Several limitations of our study constrain the generality of our findings. First, the most important limitation is that the rating data we used to fit and test our models almost certainly lack validity. That is, even though there is considerable consensus in the social judgments made by humans from faces (generating the “ground-truth” labels for training our models; Rule et al., 2010), the majority of those judgments do not reflect the actual attribute of the person whose face is shown. Instead, those judgments mainly reveal our biases and stereotypes (Sutherland et al., 2020; Todorov, 2017). This limitation is even more acute given that all stimuli in both the training and test datasets were isolated faces devoid of context and any other information about the person. Our results thus show that it is possible to predict what people judge or believe about brief glances of a face, but not what is in fact valid about the person whose face is shown as the stimulus. Needless to say, it is critical to keep this distinction in mind: we did not predict anything about the people whose faces were used; instead, we predicted what human viewers judge about those faces.

Our conclusions were also limited by the small number of overlapping social attributes between the training dataset and the different test datasets, and thus the small number of social attributes for which we could construct meaningful models. Finally, we only included white faces in our analysis, since these were by far the predominant race available in the training datasets, and since there are known and important race bias effects. Previous work has shown that social judgments from faces are influenced by the unique facial features of faces from different races as well as the different social concepts associated with the different races (Fan et al., 2020; Stolier & Freeman, 2016). Altogether, the restricted range of different types of faces and the small number of social attributes provide results that are not yet comprehensive. Analyses on future datasets that are more complete in the social judgments and more diverse in the face stimuli will be valuable to extend the present study.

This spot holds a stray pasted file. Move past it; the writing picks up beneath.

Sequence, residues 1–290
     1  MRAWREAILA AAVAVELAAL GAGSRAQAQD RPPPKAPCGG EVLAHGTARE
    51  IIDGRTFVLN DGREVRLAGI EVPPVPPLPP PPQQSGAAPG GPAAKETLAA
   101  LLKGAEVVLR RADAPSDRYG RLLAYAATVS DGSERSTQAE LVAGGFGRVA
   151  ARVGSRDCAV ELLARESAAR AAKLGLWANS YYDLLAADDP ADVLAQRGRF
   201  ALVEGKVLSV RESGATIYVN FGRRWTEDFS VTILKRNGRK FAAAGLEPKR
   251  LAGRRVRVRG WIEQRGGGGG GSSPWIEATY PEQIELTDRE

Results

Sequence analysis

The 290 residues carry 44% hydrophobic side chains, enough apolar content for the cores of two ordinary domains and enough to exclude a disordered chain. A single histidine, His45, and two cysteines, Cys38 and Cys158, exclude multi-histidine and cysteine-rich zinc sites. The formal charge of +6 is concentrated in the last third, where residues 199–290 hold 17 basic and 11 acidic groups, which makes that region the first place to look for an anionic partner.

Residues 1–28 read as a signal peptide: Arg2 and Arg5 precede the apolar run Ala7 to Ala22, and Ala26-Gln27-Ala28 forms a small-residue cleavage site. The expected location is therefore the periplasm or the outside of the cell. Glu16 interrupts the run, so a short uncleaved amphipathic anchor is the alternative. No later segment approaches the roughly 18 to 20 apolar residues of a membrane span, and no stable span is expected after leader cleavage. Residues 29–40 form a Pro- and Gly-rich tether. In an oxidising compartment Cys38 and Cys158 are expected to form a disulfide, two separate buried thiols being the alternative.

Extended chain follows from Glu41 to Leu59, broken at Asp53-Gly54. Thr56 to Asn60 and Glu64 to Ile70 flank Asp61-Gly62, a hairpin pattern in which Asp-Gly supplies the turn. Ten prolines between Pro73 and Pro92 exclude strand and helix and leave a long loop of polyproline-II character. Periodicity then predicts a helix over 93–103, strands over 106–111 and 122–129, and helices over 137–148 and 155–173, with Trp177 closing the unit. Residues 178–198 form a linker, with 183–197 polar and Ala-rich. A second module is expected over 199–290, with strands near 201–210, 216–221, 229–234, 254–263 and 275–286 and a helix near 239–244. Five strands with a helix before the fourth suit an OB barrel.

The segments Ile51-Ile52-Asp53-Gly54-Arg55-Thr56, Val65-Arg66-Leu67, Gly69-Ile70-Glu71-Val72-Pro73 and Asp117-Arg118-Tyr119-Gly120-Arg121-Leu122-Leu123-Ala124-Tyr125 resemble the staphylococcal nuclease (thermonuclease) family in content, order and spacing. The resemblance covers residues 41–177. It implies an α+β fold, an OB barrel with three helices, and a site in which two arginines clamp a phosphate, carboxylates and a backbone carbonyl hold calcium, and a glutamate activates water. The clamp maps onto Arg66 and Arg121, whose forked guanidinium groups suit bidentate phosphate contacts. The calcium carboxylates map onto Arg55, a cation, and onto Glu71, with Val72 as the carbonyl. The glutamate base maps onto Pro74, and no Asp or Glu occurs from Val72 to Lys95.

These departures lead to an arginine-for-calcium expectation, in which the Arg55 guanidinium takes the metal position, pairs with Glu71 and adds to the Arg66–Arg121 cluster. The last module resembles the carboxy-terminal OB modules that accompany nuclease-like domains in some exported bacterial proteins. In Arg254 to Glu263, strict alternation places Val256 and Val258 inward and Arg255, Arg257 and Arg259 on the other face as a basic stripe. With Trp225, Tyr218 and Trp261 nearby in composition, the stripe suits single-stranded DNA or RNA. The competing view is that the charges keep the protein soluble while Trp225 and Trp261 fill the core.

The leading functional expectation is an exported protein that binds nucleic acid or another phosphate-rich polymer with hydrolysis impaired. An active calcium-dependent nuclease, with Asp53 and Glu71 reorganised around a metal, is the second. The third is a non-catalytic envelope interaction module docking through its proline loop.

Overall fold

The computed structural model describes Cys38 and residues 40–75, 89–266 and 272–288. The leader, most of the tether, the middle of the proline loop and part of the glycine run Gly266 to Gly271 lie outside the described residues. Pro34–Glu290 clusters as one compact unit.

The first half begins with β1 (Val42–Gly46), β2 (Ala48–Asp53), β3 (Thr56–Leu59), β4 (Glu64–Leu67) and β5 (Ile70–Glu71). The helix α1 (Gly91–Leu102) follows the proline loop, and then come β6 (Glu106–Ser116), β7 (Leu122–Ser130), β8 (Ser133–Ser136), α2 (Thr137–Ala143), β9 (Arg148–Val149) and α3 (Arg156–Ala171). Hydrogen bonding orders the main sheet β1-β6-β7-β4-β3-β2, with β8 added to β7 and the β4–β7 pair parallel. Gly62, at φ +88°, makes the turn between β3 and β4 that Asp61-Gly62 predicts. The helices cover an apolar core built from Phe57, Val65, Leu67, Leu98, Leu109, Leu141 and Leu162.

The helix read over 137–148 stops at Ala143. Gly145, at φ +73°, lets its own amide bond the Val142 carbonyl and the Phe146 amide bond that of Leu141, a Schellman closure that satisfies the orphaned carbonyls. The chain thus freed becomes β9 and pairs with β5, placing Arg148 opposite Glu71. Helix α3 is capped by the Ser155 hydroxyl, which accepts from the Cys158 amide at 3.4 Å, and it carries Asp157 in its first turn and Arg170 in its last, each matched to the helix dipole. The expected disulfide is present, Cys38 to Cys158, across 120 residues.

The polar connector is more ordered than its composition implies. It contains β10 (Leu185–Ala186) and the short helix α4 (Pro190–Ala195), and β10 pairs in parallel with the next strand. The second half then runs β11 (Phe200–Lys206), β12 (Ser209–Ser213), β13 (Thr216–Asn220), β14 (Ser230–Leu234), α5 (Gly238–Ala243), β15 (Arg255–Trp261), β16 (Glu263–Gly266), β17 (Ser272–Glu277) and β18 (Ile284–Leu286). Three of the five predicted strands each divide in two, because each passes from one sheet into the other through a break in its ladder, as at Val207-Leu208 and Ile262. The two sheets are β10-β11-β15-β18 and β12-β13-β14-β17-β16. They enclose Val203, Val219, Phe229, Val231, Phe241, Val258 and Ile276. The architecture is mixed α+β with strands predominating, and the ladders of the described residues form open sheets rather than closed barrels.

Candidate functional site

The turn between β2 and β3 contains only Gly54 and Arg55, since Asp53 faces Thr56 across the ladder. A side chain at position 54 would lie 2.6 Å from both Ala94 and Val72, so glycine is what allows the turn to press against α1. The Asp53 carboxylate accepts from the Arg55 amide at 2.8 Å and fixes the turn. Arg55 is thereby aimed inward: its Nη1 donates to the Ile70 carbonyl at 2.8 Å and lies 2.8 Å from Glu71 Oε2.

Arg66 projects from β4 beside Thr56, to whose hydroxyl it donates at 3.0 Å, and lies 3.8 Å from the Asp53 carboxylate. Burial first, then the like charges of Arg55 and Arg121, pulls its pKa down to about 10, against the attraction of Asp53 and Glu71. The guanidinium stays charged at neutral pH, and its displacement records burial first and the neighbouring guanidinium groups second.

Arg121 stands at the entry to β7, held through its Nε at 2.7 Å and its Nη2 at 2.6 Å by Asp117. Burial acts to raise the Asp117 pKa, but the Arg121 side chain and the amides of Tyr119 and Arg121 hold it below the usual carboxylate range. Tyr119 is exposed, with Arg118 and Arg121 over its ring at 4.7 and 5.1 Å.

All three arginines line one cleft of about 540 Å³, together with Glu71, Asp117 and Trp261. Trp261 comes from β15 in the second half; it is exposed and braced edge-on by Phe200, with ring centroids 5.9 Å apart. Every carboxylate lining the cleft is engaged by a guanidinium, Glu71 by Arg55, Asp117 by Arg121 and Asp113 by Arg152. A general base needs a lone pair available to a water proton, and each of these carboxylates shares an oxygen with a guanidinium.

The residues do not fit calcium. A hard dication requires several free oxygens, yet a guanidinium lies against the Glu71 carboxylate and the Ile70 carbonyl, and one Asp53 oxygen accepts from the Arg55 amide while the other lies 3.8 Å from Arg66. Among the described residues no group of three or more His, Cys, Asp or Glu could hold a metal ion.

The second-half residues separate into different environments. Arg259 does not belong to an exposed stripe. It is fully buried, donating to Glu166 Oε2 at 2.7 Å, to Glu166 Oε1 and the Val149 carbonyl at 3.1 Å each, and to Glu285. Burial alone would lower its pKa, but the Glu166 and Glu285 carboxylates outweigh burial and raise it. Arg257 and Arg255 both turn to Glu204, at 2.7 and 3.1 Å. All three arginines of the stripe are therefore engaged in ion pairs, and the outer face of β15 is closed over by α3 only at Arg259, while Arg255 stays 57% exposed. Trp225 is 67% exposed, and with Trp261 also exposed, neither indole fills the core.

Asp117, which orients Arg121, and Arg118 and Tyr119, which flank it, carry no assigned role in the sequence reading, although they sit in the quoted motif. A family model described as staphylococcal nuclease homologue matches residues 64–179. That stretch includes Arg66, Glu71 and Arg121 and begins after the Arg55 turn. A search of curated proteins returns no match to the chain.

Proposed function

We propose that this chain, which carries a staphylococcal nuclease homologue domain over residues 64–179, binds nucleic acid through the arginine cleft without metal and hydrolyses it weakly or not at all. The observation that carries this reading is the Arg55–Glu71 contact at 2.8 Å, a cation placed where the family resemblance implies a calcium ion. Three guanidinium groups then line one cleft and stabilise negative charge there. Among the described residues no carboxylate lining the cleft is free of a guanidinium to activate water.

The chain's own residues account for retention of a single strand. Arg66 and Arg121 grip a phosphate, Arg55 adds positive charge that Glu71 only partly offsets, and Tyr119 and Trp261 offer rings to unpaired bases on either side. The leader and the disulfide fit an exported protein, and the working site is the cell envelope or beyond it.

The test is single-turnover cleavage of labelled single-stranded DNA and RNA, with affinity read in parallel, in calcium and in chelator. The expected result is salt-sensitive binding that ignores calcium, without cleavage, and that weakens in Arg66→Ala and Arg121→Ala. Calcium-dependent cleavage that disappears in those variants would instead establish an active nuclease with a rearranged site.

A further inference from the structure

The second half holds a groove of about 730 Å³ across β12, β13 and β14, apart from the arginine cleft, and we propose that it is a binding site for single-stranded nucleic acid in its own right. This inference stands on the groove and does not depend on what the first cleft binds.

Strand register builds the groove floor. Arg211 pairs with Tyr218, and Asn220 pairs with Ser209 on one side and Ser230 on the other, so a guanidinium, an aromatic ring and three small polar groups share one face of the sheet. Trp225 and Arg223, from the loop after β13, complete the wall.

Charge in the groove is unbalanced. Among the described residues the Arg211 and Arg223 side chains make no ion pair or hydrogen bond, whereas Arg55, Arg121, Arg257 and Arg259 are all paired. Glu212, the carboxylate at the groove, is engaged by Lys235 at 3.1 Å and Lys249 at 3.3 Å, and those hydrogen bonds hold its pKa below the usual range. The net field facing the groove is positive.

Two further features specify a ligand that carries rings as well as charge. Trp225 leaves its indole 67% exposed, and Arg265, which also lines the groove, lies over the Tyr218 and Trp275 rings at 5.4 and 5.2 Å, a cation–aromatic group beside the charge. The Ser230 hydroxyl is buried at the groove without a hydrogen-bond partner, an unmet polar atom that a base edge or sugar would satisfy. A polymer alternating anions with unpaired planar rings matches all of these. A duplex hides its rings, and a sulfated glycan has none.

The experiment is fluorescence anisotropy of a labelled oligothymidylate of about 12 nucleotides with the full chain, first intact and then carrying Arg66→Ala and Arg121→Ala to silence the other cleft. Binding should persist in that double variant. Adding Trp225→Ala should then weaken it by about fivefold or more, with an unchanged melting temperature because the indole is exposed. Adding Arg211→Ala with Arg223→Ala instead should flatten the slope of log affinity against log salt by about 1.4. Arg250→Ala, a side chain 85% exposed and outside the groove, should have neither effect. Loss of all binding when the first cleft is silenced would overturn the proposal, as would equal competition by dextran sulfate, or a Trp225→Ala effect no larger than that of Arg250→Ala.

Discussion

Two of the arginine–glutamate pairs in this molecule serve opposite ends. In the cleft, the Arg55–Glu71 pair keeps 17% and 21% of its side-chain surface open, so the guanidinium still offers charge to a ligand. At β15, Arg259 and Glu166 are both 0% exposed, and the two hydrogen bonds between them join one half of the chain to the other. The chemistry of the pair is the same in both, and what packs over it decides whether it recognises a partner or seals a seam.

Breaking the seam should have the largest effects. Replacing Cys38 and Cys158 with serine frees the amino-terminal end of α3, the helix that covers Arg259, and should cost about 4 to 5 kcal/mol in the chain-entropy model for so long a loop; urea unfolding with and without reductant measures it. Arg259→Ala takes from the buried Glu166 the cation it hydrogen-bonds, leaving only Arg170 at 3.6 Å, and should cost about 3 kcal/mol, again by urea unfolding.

We conclude with two remarks. First, our analysis pipeline could be flexibly applied to other domains of automated predictions to better understand their generalizability, robustness, and underlying mechanisms. This analysis pipeline includes testing models using multiple independent out-of-sample datasets, performing variance partitioning analysis to compare between models, manipulating stimulus properties to test robustness, and conducting cross-prediction analysis to examine potential correlated predictions. Second, given that the many social judgments humans make from faces are highly correlated, future research attempting to automatically predict social judgments from faces (e.g., predicting whether people judge a face to look criminal) or even the actual characteristics of the people whose faces are used as stimuli (e.g., predicting who is criminal from their face) should be cautious when interpreting those predictions. Specifically, we would recommend that researchers examine other potentially correlated social judgments before drawing conclusions.

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U.K. and R.A. developed the study concept and designed the study; C.L. performed data collection; U.K. performed all data analyses; all authors drafted, revised, and reviewed the manuscript, and approved the final manuscript for submission.

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Correspondence to Umit Keles.

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Funded in part by NSF grants BCS-1840756 and BCS-1845958, the Simons Foundation Collaboration on the Global Brain (542941), and the Carver Mead New Adventures Fund.

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All data are from publicly available datasets which could be accessed via the links provided in the papers cited.

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All analysis codes are available at https://osf.io/xdsvp/?view_only=6efb50f8b6bd49a493ac9c64ddf630e6.

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The authors declare no competing interests.

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Handling Editor: Rachael Jack

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Keles, U., Lin, C. & Adolphs, R. A Cautionary Note on Predicting Social Judgments from Faces with Deep Neural Networks. Affec Sci 2, 438–454 (2021). https://doi.org/10.1007/s42761-021-00075-5

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Keywords

  • Social cognition
  • Face perception
  • Traits
  • Affective states
  • Deep neural networks